Group Therapy is a relationship advice column that asks readers to contribute their wisdom. Each week, we offer up a problem for you to weigh in on, then publish the most lively responses, with a final word on the matter delivered by our columnist.
A reader writes: When I was 21, I converted to evangelical Christianity. A year ago I told my wife I was no longer a Christian; I am now an agnostic. She was upset, but we eventually agreed to respect one another's views. But our values are different now; she takes a strong stand against premarital sex, abortion and homosexuality.
About a month ago, I was shocked to hear her say something racist. A long and extremely uncomfortable argument ensued. Looking at my in-laws, I can see this is how she was raised.
I realize I'm the one who changed, so I bear the responsibility here. This is a smart, beautiful, funny and brave woman. I do love her. I just don't know if we're compatible any more. Thoughts?
IF YOU STILL LOVE HER, STAY
No, you aren't compatible. But incompatibility is no reason to divorce. I bet 99 per cent of married couples grow in ways that make them incompatible.
If you still love, honour and cherish your racist and she loves, honours and cherishes her agnostic, then stay together.
If not, and you do not have children, then get out!
- Carlo Iaboni, Vaughan, Ont.
RE-WOO HER TENDERLY
From your comments it appears that not only your views have changed, but your wife's also. After years of marriage she suddenly says something racist. Is she provoking you because you are putting on airs of intellectual superiority? Could you be interpreting her too harshly out of impatience or boredom with her?
Use the tenderness with which you won her heart years ago to find the common ground of compassion toward others that any Christian should espouse.
- Anya Hageman, Kingston
AGREE TO DISAGREE
You do not say how long you were a Christian and what caused the change in your belief system. However, you are not alone. These changes occur quite frequently, and if there is a true respect for the other person the conflict does not harm the relationship.
My wife was a devout Christian when she married this atheist; she became an agnostic a few years later and has since reverted to being a Christian. We discuss our beliefs calmly and agree to disagree as we did in our courting days. We tolerate each other's prejudices and never criticize, certainly not in public, the views of the other.
Live and let live works great. Differences in beliefs, whether religious or everyday matters, are not eliminated, they are lived with. Mutual respect, not just for views but also for the person, makes it possible.
- Ravi Sharma, Calgary
THE FINAL WORD
The most telling tidbit in your letter is your claim to have been "shocked" to hear your wife say something racist. The way you just sort of flung this information into a discussion ostensibly to do with religious differences tells me there's a bigger problem here, and on some level you know it.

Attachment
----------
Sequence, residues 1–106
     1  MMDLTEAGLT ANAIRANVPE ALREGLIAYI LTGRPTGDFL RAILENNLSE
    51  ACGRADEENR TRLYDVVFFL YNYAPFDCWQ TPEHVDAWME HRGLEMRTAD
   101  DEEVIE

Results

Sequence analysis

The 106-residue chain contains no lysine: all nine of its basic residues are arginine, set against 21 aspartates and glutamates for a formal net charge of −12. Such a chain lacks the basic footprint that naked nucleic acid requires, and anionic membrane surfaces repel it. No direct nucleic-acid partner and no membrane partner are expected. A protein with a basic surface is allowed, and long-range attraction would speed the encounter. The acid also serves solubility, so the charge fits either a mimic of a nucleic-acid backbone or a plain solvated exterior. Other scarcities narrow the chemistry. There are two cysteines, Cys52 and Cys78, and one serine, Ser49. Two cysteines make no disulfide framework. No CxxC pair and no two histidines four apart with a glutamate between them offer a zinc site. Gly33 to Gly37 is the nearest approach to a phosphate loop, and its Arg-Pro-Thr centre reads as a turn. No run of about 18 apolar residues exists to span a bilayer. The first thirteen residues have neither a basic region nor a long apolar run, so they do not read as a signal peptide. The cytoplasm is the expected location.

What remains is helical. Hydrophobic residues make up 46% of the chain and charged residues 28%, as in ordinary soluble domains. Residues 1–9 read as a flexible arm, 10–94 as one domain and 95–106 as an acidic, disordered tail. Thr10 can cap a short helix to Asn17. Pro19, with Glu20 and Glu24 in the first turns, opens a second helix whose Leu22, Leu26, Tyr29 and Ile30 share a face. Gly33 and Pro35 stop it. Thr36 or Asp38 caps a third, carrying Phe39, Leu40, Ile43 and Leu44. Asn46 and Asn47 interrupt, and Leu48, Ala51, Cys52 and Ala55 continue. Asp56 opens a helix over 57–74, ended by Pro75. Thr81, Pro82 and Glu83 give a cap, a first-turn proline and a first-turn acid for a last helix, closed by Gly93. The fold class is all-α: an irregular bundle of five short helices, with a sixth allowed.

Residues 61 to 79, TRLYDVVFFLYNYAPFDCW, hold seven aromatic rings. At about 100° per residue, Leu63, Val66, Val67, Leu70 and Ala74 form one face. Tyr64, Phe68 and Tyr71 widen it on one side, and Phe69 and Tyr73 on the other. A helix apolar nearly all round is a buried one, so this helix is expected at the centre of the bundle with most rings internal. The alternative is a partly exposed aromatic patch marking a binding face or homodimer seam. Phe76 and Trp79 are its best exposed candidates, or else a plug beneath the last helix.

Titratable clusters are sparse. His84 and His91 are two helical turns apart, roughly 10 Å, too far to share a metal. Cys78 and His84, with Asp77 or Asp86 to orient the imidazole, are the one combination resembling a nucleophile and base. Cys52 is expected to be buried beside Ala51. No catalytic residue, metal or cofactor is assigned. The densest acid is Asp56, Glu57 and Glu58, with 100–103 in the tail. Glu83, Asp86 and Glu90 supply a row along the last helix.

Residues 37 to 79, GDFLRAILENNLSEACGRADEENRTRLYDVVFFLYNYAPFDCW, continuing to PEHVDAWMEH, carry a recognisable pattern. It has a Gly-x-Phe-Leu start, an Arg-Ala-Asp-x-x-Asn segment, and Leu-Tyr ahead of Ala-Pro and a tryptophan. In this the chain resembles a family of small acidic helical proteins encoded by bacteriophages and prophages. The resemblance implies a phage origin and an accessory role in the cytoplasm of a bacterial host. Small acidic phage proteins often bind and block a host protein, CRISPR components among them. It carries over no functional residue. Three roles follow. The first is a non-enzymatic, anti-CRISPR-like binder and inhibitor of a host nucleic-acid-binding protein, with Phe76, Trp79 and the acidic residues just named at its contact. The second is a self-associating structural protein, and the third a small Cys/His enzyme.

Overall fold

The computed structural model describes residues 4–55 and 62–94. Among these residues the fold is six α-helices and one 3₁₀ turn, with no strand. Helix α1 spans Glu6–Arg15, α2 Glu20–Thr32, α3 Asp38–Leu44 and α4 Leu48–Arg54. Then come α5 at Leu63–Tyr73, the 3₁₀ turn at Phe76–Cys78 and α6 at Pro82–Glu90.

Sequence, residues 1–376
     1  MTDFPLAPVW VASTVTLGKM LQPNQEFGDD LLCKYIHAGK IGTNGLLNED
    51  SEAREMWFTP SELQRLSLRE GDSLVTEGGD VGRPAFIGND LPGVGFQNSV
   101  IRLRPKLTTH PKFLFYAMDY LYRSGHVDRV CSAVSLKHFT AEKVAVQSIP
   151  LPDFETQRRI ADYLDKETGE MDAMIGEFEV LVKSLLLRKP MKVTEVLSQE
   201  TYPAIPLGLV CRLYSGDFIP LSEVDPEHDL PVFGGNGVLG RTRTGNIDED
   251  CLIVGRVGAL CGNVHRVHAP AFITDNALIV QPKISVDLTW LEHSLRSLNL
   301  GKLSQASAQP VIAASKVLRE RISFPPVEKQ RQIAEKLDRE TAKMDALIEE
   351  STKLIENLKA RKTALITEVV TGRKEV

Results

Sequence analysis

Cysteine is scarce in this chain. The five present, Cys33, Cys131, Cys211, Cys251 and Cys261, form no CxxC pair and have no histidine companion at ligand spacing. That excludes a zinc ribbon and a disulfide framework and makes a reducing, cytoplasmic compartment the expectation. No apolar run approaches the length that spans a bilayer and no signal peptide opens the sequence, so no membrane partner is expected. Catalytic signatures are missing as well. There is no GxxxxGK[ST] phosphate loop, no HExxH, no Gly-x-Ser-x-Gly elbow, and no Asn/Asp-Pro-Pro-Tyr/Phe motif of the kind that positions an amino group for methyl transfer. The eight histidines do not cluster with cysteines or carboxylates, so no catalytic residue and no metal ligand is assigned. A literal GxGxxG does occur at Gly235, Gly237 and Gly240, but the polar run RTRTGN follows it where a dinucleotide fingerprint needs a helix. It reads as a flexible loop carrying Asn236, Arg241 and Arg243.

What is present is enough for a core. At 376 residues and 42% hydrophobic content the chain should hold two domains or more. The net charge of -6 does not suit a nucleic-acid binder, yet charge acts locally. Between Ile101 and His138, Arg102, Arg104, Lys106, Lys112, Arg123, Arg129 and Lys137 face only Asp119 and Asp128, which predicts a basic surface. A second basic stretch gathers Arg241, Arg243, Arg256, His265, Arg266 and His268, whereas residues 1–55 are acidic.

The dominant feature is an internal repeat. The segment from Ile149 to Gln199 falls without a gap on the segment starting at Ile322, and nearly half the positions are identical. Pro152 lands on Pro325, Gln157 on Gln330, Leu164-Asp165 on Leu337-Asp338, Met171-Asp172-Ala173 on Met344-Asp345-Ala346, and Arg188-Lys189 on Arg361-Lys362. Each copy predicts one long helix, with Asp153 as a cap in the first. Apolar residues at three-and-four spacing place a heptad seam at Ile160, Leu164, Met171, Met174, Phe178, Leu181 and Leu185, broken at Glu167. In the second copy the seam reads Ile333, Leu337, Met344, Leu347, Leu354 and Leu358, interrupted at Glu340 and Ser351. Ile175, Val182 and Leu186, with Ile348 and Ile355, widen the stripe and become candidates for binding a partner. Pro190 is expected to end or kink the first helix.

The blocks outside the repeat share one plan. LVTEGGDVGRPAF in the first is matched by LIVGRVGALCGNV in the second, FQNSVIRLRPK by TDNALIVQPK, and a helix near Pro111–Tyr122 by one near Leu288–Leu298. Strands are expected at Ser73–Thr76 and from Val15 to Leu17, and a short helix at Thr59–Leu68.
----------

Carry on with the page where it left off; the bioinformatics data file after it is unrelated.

Racism has nothing to do with religion per se. There are plenty of racially tolerant Christians out there, scads of agnostic bigots. So I'm thinking your issue with your wife goes deeper than how you each choose to spend your Sunday mornings.
Admit it: You fear you've married a pious, intolerant thug with whom you can find no moral middle ground. In pointing out that your wife is against abortion, homosexuality and premarital sex, you imply that this, like the racism, is a problem for you.
You and your wife can agree to disagree all you want, but you can't pretend that these are simply private religious matters along the lines of keeping kosher or receiving communion - they are highly polarizing social and political issues.
It's a tricky proposition to "respect one another's views" when people who come down on opposite sides of such issues tend to find one another's views morally repugnant. The terms "moral repugnance" and "respect" do not exactly go together like a horse and carriage.
I'm not advising you to give up on one another, but I feel I must inject a bit of hard-nosedness into the rose-coloured outlook above.
Trying to re-woo your wife, as Anya suggests, does nothing to address the issue at hand - you've reached an ethical impasse, not an opportunity to score.
Love doesn't always conquer all, as Carlo implies, and Ravi's "live and let live" approach is easier said than done. If people were capable of that, these hot-button issues would never have metastasized into such holy hand grenades in the first place.
I will say this: If you and your wife can stake out some common ground on this particular battlefield, you'll provide a great example to us all. Good luck with the peace negotiations.
Lynn Coady is the award-winning author of the novels Strange Heaven and Mean Boy, with another one currently in the oven.
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